Without an atmosphere, it has an equilibrium temperature of -64 F (-53 C), which would make the planet seem more glacial than habitable. The planet weighs at least 6.1 times Earth’s mass, and orbits the star every 55.7 days at a range about 20% of Earth’s distance from the Sun. The planet’s size and composition are unknown, but a rocky world with this mass would range from about one to two times Earth’s size.

Image above: This illustration shows one interpretation of what GJ 357 d may be like. Image Credits: NASA’s Goddard Space Flight Center/Chris Smith.

Even through TESS monitored the star for about a month, Luque’s team predicts any transit would have occurred outside the TESS observing window.

GJ 357 c, the middle planet, has a mass at least 3.4 times Earth’s, orbits the star every 9.1 days at a distance a bit more than twice that of the transiting planet, and has an equilibrium temperature around 260 F (127 C). TESS did not observe transits from this planet, which suggests its orbit is slightly tilted — perhaps by less than 1 degree — relative to the hot Earth’s orbit, so it never passes across the star from our perspective.

To confirm the presence of GJ 357 b and discover its neighbors, Luque and his colleagues turned to existing ground-based measurements of the star’s radial velocity, or the speed of its motion along our line of sight. An orbiting planet produces a gravitational tug on its star, which results in a small reflex motion that astronomers can detect through tiny color changes in the starlight. Astronomers have searched for planets around bright stars using radial velocity data for decades, and they often make these lengthy, precise observations publicly available for use by other astronomers.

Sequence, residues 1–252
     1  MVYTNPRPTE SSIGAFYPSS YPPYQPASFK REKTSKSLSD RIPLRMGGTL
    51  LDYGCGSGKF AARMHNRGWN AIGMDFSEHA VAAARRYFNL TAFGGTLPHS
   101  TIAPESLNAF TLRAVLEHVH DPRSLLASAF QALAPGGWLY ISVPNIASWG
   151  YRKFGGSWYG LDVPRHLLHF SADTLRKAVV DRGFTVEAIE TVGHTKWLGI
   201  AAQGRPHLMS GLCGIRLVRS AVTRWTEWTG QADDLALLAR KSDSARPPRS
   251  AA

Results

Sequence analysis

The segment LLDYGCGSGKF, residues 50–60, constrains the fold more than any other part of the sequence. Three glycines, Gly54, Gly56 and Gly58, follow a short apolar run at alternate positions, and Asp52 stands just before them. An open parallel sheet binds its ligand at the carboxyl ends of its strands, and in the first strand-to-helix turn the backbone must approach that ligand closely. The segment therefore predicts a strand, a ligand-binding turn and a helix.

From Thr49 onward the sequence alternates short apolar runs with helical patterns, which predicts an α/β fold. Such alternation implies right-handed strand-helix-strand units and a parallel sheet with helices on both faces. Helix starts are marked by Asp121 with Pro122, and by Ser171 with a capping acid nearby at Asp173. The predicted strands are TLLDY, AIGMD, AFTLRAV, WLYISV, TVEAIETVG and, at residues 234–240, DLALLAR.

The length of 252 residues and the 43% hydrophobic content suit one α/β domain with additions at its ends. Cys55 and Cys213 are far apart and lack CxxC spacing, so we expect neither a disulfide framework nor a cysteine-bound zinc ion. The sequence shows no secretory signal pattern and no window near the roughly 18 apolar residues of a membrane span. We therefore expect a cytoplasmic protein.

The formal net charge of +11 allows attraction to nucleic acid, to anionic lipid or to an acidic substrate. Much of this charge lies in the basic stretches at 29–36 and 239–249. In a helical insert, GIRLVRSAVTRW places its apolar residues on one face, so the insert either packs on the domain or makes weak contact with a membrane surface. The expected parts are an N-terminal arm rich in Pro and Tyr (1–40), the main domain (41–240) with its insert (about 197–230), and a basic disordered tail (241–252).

Luque’s team examined ground-based data stretching back to 1998 from the European Southern Observatory and the Las Campanas Observatory in Chile, the W.M. Keck Observatory in Hawaii, and the Calar Alto Observatory in Spain, among many others.

A paper describing the findings was published on Wednesday, July 31, in the journal Astronomy & Astrophysics and is available online.

TESS is a NASA Astrophysics Explorer mission led and operated by MIT in Cambridge, Massachusetts, and managed by NASA’s Goddard Space Flight Center. Additional partners include Northrop Grumman, based in Falls Church, Virginia; NASA’s Ames Research Center in California’s Silicon Valley; the Harvard-Smithsonian Center for Astrophysics in Cambridge, Massachusetts; MIT’s Lincoln Laboratory; and the Space Telescope Science Institute in Baltimore. More than a dozen universities, research institutes and observatories worldwide are participants in the mission.